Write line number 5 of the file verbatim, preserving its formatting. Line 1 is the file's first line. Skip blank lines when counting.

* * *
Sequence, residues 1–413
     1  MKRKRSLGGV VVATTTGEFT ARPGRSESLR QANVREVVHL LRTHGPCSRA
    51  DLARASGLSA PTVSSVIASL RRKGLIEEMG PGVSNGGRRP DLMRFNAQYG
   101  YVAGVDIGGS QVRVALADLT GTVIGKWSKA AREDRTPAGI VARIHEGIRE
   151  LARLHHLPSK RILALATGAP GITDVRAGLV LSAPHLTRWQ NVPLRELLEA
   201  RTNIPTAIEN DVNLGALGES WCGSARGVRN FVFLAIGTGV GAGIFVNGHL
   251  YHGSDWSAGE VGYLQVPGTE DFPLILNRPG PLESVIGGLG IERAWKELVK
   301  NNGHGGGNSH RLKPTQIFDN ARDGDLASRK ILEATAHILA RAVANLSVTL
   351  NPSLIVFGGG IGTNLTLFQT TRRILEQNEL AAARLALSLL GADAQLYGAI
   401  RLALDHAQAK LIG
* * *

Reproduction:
   151  LARLHHLPSK RILALATGAP GITDVRAGLV LSAPHLTRWQ NVPLRELLEA